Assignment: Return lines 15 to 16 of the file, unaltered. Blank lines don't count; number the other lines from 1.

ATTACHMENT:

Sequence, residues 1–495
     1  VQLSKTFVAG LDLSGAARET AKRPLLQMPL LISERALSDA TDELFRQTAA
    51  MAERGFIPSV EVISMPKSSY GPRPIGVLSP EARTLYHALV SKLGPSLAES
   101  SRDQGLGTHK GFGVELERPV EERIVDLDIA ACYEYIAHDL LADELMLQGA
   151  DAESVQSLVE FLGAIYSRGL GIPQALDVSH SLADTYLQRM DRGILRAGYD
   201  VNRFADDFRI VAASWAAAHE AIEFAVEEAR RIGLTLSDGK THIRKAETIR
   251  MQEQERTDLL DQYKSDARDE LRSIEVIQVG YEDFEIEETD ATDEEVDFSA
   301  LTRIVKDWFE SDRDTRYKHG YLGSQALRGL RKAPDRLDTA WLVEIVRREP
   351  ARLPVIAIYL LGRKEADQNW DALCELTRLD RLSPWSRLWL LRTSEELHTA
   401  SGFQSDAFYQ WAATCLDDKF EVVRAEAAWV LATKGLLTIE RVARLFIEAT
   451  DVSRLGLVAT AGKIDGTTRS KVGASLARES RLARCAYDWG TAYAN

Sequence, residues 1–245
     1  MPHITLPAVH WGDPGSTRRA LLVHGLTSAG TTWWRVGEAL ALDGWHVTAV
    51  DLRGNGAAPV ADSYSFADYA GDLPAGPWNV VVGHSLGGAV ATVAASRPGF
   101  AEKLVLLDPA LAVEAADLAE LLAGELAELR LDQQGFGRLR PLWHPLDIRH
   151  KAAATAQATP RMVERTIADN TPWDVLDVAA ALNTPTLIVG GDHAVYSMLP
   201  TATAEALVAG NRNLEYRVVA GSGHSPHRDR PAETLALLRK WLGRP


   101  AEKLVLLDPA LAVEAADLAE LLAGELAELR LDQQGFGRLR PLWHPLDIRH
   151  KAAATAQATP RMVERTIADN TPWDVLDVAA ALNTPTLIVG GDHAVYSMLP